By: Freidi Posner
Miriam was born in the depth of the Egyptian exile, when the people were overworked, demoralized, and hopeless. Her father, Amram, the “great one of the generation,” was so devastated by the situation that he divorced his wife, saying that “Israel is birthing for naught!” Many followed his example. Young Miriam saw this and bravely admonished, “Father, you are worse than Pharaoh! Pharaoh only decreed against baby boys, but you are also decreeing against the girls!1” Amram conceded and remarried her mother.
When Pharaoh decreed that all Jewish boys be killed, Miriam, who assisted her mother as a midwife, stood up to the powerful king and refused to do his bidding.
When her brother Moses—who was destined to become the greatest and most famous Jewish leader—was born, he had to be hidden. He was placed in a basket on the Nile and Miriam faithfully watched from a distance. When Batya, Pharaoh’s daughter, saw the boy and attempted—unsuccessfully—to feed him, Miriam—in her ingenuity and courage—offered a brilliant solution. She suggested that he be fed by a Hebrew wet-nurse, and when Batya agreed, she led her to her mother.
Forty years after the Exodus, the Jewish people were ready to conquer Israel. In the city of Jericho, the “key to the land,” lived a woman—Rachav—who owned and operated an inn.
When two Jewish spies arrived to check out the city, chased by the king of Jericho’s soldiers, Rachav hid them in her attic2 and misled the searchers, enabling them to escape unharmed. In gratitude, the spies promised her that when the time came for them to conquer Jericho, they would spare her. She should tie a red string from her window, they instructed, which would signal that the house and its inhabitants were not to be harmed.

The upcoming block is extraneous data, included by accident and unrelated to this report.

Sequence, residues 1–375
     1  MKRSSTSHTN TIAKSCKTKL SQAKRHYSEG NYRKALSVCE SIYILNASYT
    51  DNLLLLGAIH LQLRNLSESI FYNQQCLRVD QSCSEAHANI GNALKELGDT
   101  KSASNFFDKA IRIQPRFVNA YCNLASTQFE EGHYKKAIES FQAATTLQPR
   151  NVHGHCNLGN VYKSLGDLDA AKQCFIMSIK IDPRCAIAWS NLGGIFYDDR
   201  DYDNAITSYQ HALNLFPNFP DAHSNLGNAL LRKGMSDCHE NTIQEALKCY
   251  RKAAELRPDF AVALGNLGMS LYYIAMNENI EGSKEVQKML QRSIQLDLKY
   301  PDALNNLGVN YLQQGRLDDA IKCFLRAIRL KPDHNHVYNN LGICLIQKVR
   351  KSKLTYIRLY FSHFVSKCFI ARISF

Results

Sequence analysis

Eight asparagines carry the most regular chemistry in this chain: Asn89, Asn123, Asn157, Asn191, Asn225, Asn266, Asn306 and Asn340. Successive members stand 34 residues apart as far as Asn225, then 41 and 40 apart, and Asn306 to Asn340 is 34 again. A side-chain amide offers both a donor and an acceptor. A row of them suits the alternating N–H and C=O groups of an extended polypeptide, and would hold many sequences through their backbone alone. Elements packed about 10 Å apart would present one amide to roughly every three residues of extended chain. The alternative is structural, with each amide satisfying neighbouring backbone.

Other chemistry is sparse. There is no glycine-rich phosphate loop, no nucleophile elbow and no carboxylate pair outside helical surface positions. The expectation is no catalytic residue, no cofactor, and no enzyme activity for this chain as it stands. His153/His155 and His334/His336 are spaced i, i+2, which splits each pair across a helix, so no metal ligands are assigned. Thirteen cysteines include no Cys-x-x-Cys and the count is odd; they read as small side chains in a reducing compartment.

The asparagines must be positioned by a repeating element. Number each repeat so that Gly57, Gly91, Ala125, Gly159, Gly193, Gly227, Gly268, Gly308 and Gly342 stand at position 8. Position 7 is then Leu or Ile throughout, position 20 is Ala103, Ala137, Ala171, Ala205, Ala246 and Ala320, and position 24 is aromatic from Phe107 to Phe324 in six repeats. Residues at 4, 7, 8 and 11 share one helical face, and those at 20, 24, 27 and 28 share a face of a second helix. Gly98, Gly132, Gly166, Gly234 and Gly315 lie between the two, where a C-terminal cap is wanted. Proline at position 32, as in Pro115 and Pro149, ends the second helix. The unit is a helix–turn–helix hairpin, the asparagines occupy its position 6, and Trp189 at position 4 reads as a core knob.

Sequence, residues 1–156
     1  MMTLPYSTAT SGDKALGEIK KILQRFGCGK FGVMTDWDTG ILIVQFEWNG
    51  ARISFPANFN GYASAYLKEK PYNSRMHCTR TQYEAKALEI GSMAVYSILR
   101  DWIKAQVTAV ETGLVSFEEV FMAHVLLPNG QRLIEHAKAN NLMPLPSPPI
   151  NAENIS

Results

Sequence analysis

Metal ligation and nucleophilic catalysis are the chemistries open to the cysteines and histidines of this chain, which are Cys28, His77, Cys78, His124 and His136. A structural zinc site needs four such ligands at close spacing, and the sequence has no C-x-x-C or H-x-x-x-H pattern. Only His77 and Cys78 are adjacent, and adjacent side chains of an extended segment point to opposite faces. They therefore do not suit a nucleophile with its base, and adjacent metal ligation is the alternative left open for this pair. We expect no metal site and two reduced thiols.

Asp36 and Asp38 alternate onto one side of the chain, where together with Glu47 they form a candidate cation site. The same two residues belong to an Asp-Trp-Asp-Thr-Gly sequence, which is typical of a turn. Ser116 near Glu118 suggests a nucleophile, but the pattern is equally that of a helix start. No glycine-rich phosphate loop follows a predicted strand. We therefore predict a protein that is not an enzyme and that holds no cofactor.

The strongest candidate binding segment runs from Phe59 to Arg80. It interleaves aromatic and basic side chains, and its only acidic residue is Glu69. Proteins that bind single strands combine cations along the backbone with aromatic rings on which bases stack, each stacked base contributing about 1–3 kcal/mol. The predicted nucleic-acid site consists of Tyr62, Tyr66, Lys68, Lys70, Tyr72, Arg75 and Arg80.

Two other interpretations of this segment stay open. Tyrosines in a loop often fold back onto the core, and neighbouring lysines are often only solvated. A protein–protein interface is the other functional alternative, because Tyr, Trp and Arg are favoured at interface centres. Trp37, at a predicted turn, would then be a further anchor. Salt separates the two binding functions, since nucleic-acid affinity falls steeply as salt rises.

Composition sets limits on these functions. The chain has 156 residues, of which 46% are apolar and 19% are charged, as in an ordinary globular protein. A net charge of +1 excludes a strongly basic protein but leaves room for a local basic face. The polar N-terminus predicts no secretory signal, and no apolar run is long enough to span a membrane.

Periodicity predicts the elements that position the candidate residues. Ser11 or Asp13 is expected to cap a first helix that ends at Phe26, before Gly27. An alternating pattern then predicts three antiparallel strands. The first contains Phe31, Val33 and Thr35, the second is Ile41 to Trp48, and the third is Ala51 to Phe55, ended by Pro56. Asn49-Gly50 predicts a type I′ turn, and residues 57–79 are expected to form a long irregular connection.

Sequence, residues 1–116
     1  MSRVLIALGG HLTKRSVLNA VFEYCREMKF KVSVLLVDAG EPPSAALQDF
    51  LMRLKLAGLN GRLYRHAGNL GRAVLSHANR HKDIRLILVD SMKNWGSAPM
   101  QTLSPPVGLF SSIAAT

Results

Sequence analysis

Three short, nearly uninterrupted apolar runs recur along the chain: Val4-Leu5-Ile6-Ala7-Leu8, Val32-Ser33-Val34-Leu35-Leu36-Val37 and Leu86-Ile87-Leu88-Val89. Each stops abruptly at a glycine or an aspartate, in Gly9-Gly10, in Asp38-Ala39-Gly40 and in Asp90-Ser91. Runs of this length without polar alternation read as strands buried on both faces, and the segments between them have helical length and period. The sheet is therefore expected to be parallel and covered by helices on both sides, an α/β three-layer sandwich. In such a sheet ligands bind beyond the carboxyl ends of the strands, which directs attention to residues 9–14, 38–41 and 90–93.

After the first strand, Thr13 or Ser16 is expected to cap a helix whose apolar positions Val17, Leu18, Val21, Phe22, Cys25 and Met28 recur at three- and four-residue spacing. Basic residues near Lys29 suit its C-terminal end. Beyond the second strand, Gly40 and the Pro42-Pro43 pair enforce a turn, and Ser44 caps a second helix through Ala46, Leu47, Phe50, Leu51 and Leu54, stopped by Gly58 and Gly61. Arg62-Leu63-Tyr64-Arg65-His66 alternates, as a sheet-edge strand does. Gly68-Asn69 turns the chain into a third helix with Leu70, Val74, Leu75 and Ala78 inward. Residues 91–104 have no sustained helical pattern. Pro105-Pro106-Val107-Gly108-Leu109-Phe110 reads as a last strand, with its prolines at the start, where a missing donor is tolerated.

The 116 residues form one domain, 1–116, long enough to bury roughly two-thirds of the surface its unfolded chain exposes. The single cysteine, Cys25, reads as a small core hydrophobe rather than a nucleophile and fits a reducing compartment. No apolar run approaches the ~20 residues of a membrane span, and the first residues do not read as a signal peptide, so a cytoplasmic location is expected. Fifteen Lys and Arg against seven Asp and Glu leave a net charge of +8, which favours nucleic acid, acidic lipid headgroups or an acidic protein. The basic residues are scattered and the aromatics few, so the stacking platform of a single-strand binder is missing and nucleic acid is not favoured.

The Midrash tells that Rachav converted to Judaism and married Yehoshua, the leader of the Jewish people.
During the period when the Judges ruled Israel, Ruth, a Moabite princess, married the son of a rich Jewish merchant who had immigrated to Moab. After her husband died, her mother-in-law, Naomi, urged Ruth to return to her family and move on.
Ruth demurred, saying, “Wherever you go, I will go; and wherever you lodge, I will lodge. Your people shall be my people, and your G‑d, my G‑d.”3 Ever faithful, she joined her mother-in-law on the journey to the Land of Israel, where she knew no one and would have nothing.
In Israel, Ruth collected the produce left behind for paupers in the fields of her late husband’s wealthy relative, Boaz. When Boaz observed Ruth’s modesty, he asked for her hand in marriage. Ruth was well rewarded for her bravery; through her union with Boaz, she became the paternal great-grandmother of King David.
As told in the Book of Judges, the brave prophetess Deborah guided the Jewish army to victory over their Canaanite enemies. Sisera, the defeated general, managed to escape to the tent of Heber the Kenite.
There, Yael, Heber’s wife, welcomed him into her home, and at his request for water, gave him milk. When the milk had lulled the exhausted general into a soothing sleep, Yael quickly drove a peg from the tent into his head. When Barak, the Jewish general, came in pursuit of Sisera, Yael called to him, “Come and I will show you the man whom you seek,”4 revealing the dead body.